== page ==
Overtime can be a significant overhead expense to employers, cutting deeply into the company’s bottom line. It is, therefore, important for employers to understand which employees must be paid overtime and which do not. Recently, the Department of Labor zzzzzmade a significant change to overtime rules that could dramatically affect employers. The change goes into effect on Jan. 1, and it is important for employers to be prepared. To understand the effect of this change, it is important to understand some basic principles of overtime law.
The Fair Labor Standards Act (FLSA) mandates which employees must be paid overtime and how much. The FLSA classifies employees as either “exempt” or “nonexempt.” Nonexempt employees get overtime pay. Exempt employees do not. There are many exemptions that have been passed over the years.
With few exceptions, an employee must meet all three of the following tests to be exempt from overtime pay:
- be paid on a salary basis,
- perform certain exempt job duties, and
- be paid over a certain minimum amount of money per year.
Many employers mistakenly believe that by simply putting an employee on salary (meeting the first test), and not paying them an hourly wage, the employee is automatically exempt, and no overtime must be paid. This is incorrect, and can lead to significant liability for violating the FLSA. Remember, in most circumstances, if the employee does not meet all three overtime tests, he or she is nonexempt and must be paid overtime.
The second test is dependent not on the title of the employee, but on the actual job duties that they perform. Exemptions typically are limited to employees who perform relatively high-level work. Typical categories of exempt job duties include bona fide “executive,” “professional” and “administrative” duties.
An “executive” is exempt if they regularly supervise two or more other employees; and their primary duty is management; and they have genuine input into the job status of other employees (hiring, promotions, firing).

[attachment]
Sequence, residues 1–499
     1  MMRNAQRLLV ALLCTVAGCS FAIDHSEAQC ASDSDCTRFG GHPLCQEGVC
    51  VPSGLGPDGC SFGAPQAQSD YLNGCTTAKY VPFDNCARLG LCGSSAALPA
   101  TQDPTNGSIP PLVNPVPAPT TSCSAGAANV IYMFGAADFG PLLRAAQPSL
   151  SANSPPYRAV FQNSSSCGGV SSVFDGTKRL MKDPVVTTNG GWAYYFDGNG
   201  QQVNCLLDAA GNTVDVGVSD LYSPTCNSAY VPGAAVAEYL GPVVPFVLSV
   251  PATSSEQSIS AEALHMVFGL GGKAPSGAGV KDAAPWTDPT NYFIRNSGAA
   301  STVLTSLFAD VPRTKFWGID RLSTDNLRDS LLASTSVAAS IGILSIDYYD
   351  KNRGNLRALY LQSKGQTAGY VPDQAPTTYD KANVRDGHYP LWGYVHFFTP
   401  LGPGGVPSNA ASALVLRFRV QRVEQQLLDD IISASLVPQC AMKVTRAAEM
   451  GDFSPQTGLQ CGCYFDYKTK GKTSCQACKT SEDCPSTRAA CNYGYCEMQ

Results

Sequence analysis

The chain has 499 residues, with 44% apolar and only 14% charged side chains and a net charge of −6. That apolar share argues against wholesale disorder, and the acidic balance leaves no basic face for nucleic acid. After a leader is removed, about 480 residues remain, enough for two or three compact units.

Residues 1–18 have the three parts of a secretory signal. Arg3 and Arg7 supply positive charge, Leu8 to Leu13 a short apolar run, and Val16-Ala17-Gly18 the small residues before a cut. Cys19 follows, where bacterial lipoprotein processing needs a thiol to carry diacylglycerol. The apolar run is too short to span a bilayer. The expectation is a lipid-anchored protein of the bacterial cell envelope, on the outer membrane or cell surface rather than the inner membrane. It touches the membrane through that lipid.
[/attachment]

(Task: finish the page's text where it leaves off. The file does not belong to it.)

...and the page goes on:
A “professional” is exempt if they are part of the “learned professions” (lawyers, doctors, teachers, registered nurses, accountants) — meaning their work is predominantly intellectual, requires specialized training and involves the exercise of discretion and judgment.
An “administrative” position is exempt if the employee’s duties are office or nonmanual work that is directly related to management or general business operations and involves them exercising independent judgment and discretion about matters of significance (human resources employees, payroll, accounting, public relations, etc.).
Finally, the third test involves minimum threshold salary limits. If the employee is paid less than the threshold limits, then they must be paid overtime, regardless of whether they meet the first two overtime tests. Currently, the threshold is $23,600 annually, or $455 per week. Effective Jan. 1, 2020, however, the DOL has raised the threshold salary limits to $648 per week, or $35,568 annually. This new rule change was in response to a federal court striking down a 2016 rule change that would have increased the limit to $913 per week, or $47,476 per year.
So what does all of this mean? With the proverbial salary net being significantly widened by the DOL, it is projected that approximately 1.3 million new employees will now qualify for overtime pay who previously did not — all due to the new rule change. Therefore, employers should immediately audit the weekly and yearly wage amounts of all salaried employees.
If an employee already makes $35,568 a year or $648 per week or more, and meets the other two overtime tests set forth above (or is otherwise exempt under a different exemption), then nothing needs to be done. They are not entitled to overtime.
However, if they make less than these amounts, you will need to start keeping their hours and diligently ensure they get paid time-and-a-half overtime wages (or don’t have them work over 40 hours per workweek). FYI: Because each employer is required to keep certain records for nonexempt workers, if they fail to do so, the employee’s calculation of overtime hours worked is presumed to be correct.
The 2016 rule changes were challenged, so it is likely the current rule change will be challenged as well. However, until the rule is struck down, an employer should be prepared to comply with it.
Because overtime laws can be complicated, this article is not intended to be exhaustive. You should contact qualified counsel regarding any question you might have and for more information.